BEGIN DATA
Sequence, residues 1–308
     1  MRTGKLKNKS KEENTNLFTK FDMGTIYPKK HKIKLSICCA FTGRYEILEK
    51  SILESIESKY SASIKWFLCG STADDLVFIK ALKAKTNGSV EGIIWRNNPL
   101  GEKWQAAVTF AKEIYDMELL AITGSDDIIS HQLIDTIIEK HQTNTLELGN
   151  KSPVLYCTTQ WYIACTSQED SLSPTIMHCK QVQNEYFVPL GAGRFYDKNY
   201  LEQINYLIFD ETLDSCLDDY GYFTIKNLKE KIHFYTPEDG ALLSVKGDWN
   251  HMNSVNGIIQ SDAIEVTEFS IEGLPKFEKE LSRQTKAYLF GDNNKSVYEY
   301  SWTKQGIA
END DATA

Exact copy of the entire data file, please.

Sequence, residues 1–308
     1  MRTGKLKNKS KEENTNLFTK FDMGTIYPKK HKIKLSICCA FTGRYEILEK
    51  SILESIESKY SASIKWFLCG STADDLVFIK ALKAKTNGSV EGIIWRNNPL
   101  GEKWQAAVTF AKEIYDMELL AITGSDDIIS HQLIDTIIEK HQTNTLELGN
   151  KSPVLYCTTQ WYIACTSQED SLSPTIMHCK QVQNEYFVPL GAGRFYDKNY
   201  LEQINYLIFD ETLDSCLDDY GYFTIKNLKE KIHFYTPEDG ALLSVKGDWN
   251  HMNSVNGIIQ SDAIEVTEFS IEGLPKFEKE LSRQTKAYLF GDNNKSVYEY
   301  SWTKQGIA